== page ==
What you need to know about caring for your toddler's eyes

Understand how your child’s vision develops, what foods boost eye health and problem signs to look out for…

Your tot’s vision develops rapidly from age 1 to 2. At age 2, most kids can see at the 20/60 level. Their eyesight will continue to develop until it reaches 20/20, an adult’s visual acuity level, usually at between ages 7 and 9.

Visual acuity is often measured and determined by what an average person should be able to see when standing 6 metres away from an eye chart. If a child has 20/60 vision, it means that when he is standing 6 metres away from the chart, he sees what a normal adult can see at 18 metres away from the chart.

However, this does not necessarily mean that your child has a vision problem. It simply means that his eyes have not developed to the point where his vision is as good as a normal adult's.

If your family has a history of serious vision problems, your health care professional may refer you to an eye specialist for further testing.

When does my toddler need to have his eyes examined?

Your child's vision should be checked every time he goes for a routine checkup.

During these screenings, your doctor will evaluate their eye health, check for any evidence of eye disease, and make sure that both eyes work together. If these checks indicate that your toddler's vision is developing normally, he will not need more formal testing until he is aged 3 or 4.

If your family has a history of serious vision problems, your health care professional may refer you to an eye specialist for further testing.

What are warning signs that my child might have a vision problem?

Your child may have trouble with his eyes/vision and might require immediate medical assistance if he displays the following symptoms:

  • Redness, swelling, crusting, or discharge in his eyes or eyelids that lasts for more than 24 hours.
  • Excessive tearing.
  • Sensitivity to light.
  • Eyes that look crooked or crossed.
  • Eyes that don't move together.
  • Hold head in a tilted or other abnormal position.
  • Squints frequently.
  • Drooping eyelids.
  • Frequent eye-rubbing.
 

(Wyeth)Tots-What you need to know about caring for junior's eyes - 2.jpg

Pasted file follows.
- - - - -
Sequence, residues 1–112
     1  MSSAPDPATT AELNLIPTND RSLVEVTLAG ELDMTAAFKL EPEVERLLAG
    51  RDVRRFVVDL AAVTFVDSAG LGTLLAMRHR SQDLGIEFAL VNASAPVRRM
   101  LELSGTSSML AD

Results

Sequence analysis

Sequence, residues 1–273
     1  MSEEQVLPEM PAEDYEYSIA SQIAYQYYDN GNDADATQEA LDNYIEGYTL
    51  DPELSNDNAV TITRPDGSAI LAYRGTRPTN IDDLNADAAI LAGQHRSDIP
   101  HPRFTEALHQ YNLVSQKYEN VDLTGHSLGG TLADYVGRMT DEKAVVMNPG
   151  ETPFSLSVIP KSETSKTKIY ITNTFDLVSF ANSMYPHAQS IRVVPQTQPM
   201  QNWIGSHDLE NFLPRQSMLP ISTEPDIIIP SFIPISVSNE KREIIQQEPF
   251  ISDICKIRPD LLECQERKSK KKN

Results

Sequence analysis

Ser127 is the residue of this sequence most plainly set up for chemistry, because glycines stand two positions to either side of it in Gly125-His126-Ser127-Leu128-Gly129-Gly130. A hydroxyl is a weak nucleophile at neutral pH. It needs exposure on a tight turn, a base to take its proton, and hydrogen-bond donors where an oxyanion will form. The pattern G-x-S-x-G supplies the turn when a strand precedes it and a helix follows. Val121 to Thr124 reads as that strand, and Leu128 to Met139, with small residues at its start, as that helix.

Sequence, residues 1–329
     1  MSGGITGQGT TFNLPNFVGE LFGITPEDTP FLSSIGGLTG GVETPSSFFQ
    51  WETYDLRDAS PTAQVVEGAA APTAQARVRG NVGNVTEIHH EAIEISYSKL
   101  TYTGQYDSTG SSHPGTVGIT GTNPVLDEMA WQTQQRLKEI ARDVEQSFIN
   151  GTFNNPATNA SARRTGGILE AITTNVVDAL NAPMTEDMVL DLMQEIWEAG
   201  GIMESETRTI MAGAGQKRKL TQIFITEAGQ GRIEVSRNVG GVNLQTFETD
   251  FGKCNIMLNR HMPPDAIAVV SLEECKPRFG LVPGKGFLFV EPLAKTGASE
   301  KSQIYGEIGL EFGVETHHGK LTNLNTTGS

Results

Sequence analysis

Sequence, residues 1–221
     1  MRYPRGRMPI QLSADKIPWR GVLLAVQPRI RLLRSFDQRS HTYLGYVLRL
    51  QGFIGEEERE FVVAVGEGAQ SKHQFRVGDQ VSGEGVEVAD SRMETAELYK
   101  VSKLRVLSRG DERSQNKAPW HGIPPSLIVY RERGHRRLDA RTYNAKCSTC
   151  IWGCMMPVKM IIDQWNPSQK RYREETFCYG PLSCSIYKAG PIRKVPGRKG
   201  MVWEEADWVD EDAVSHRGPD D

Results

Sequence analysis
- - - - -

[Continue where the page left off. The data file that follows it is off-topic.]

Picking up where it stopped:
How would I know if my toddler has pink eye (conjunctivitis)?

If the white part of your child's eye and the inside of his lower lids are red, he likely has conjunctivitis, more commonly known as "pink eye" or sore eyes. Children suffering from pink eye also often tear a lot and have discharge from their eyes.

Although pink eye is usually caused by an infection, it may sometimes be due to irritation or an allergic reaction. In any case, your child should see a health care professional, who will prescribe medication to treat the condition.

Eye infections are contagious. You should take care to wash your hands after any contact with your child's eyes. To avoid spreading the infection, do also keep your child away from other children.

Scientists are learning that your toddler’s diet can help his vision develop. The fovea —the area of the retina that optimise image sharpness—does not mature until at least 4 years of age. Certain nutrients, including vitamin A, docosahexaenoic acid (DHA), arachidonic Acid (AA) and lutein are important eye biofactors development of the eyes.

Does my toddler need to wear sunglasses?

It’s a good idea for toddlers to use sunglasses, since long-term exposure to the sun can increase the risk of cataracts — a condition that clouds the lens of the eye later in life.

The best sunglasses feature “UV-blocking lenses” and choose frames that are large enough to block out side light. If your child resists wearing sunglasses, use a wide-brimmed hat to help protect his eyes.

What should my toddler eat to boost the development of his vision?

Scientists are learning that your toddler’s diet can help his vision develop. The fovea —the area of the retina that optimise image sharpness—does not mature until at least 4 years of age. Certain nutrients, including vitamin A, docosahexaenoic acid (DHA), arachidonic Acid (AA) and lutein are important eye biofactors development of the eyes.

However, your child's body cannot generate its own lutein; it must be obtained from the food that he eats. Most food consumed by young children today are poor sources of AA and DHA.

So, supplementing your child’s diet with a lutein-fortified growing-up milk such as S-26® GOLD Progress can help ensure that he receives lutein regularly, as well as other important biofactors needed to maximise optimum eye development and health.

Click here to find out more about S-26® GOLD Progress and request a sample.

Photos: iStock

Like us on Facebook and check SmartParents regularly for the latest reads!

You’d love these reads, too…

CONVERSATIONS WITH… An Optometrist

Is my child colour blind?

Best tips to wear glasses and contact lenses